Tankkeepers

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Yes - I guess it is your fault - no offense - you said you understand the math - but you dont understand the post. Its not a right vs wrong - its about the science - and the science says - If the production of xxxxx is constant - constant water changes will result in yyyyy...... Again - use the calculator - and pick your numbers. PS - If people use Chaeto - or scrubbers - or have (which I have seen) - an extremely low bioload - (fish) - this will be different). We have no disagreement. I never said 'I' could achieve perfection. And yes - it is your fault you are making an argument - without a constant.. I agree. The truth to me - every tank has different needs, parameters, whatever - there is not one solution
I agree completely again my bad wish what I thought would translate to paper more easily and I could say what I mean
 

MnFish1

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Like I said, it is over my pay grade. :D
For instance to change `1% of water a day, you would have to suppose you, Or "I" knew exactly how much water I have in my tank. My tank is 125 gallons. I don't have the foggiest idea how many liters that is. :( My tank "probably" has about 80 or 90 gallons of water in it, but I am guessing.

And then know that my NO3 load is 0.3 ppm a day, and test that for a year. :eek:
I don't even know what I did yesterday.

I normally just sit in front of the tank with part of a liter of Grand Marnier in my left hand and if the urge strikes me, as it does every 4 or 5 months, I will drive to the beach and collect some water not knowing how many PPMs of NO3 Iam making in a year. :cool:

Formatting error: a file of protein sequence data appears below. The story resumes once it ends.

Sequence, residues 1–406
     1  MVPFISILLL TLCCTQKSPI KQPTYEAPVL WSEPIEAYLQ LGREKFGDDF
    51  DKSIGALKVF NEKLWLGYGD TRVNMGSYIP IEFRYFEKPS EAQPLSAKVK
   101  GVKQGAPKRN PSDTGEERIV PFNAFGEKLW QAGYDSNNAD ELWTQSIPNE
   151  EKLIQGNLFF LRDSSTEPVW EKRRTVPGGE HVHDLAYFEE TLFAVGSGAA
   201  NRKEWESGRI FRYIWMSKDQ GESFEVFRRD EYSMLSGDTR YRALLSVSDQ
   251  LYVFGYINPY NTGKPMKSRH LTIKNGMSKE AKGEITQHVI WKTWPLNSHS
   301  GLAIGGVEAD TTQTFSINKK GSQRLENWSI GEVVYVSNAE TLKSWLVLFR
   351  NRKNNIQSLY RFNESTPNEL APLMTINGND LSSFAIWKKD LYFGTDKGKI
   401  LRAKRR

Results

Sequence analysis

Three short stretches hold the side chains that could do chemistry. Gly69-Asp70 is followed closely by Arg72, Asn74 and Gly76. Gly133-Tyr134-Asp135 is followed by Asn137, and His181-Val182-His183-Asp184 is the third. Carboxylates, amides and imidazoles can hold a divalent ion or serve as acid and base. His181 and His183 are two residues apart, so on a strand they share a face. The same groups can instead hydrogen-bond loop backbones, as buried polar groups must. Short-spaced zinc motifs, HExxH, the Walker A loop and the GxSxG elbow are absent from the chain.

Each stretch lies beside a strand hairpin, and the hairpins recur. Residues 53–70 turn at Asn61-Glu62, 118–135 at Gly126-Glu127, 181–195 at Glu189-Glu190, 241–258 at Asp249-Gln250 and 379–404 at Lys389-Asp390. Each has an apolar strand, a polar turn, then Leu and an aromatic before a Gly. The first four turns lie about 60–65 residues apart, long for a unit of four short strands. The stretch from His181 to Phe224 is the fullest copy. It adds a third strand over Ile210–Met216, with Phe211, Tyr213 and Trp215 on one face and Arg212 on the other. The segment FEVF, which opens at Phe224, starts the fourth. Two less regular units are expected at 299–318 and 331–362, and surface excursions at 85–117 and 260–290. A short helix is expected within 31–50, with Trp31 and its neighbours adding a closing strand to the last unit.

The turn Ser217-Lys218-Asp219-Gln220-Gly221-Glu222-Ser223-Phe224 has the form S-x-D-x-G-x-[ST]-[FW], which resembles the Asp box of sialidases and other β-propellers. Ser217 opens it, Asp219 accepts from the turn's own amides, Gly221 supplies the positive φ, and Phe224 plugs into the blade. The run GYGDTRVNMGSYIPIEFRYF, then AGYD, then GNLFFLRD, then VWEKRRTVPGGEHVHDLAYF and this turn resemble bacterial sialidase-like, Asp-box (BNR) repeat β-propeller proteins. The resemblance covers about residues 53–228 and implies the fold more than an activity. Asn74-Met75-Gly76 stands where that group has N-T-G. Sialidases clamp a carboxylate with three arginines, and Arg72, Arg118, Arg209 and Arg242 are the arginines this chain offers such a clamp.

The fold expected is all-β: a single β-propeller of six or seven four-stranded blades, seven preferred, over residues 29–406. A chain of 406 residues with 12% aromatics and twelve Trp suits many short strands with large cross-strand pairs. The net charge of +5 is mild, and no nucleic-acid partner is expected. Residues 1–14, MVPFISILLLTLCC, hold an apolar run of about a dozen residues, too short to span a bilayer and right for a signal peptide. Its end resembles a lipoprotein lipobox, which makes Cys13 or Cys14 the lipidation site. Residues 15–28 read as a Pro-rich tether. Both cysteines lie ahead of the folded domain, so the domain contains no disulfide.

Then I will warm it up, usually by just letting it sit near my tank for a few days or soak my feet in it, then I throw it in. If I get ambitious in 3 months or 8 months, thats when I change water.

Do I think water changes are that important to have a schedule for. Obviously not, but so far it has seemed to work out fine.
Now to figure out how to change 1% of my water a day. :oops:
The way (I think) it works is as follows - the inhabitants of your tank will respond to what you do - the corals that do not make it are forgotten - and the soft corals that have taken over suggest a successful tank (which it is)...
 

MnFish1

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Actually over time it does go up slowly as you always have leftover enless you change 100 percent of the water lets say you have 10 to start are adding 5 per month and removing 1 each water change at 4 changes per month then you have 10 plus 5 minus 4 with a leftover of 1 plus the original 10 this is just an example see lasse chart on daily 1 percent changes this applys to all water changes as you van see whike yes the graph shows it tapering off it still is on the rise which means at some point you will have to remove the extra remandor aka macro or dsb or skimmer etc peach time enless you can change out the same amount going into the system you will either have a steady increase or decrease yes this does taper off over time but it will still either rise or fall if the same constant is kept I hope this make since if not I will try to explain it better that also not trying to argue just trying to show that if all things are kept the same (never are) over time there is either and jnrease or decrease its near impossible for there not to be
No it doesnt.
 

Have you ever used a spoon, hose and rubber band together to remove algae?

  • YES

    Votes: 13 5.1%
  • NO

    Votes: 128 50.4%
  • What the heck? (see the thread)

    Votes: 113 44.5%